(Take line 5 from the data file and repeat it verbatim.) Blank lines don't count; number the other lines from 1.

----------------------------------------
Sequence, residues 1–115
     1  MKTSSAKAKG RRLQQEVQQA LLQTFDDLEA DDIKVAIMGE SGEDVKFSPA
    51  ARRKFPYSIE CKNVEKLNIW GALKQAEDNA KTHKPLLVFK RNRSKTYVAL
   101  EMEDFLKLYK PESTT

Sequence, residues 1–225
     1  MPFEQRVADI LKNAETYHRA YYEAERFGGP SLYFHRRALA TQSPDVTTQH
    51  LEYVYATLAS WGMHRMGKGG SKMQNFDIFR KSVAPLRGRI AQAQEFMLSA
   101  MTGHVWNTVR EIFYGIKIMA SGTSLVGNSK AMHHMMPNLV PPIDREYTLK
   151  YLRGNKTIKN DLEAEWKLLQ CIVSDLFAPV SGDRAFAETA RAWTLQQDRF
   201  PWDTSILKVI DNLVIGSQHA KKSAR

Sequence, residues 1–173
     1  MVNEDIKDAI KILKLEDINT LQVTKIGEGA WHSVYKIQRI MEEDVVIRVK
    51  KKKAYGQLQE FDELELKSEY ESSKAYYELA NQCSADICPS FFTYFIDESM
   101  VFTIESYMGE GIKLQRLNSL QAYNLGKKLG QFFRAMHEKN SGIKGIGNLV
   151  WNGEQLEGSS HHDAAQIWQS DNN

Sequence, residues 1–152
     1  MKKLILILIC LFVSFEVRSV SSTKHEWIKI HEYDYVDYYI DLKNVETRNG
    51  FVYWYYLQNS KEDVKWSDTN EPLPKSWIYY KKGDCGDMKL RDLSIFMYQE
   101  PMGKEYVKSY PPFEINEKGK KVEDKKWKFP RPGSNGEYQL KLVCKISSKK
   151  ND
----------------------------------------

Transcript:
Sequence, residues 1–225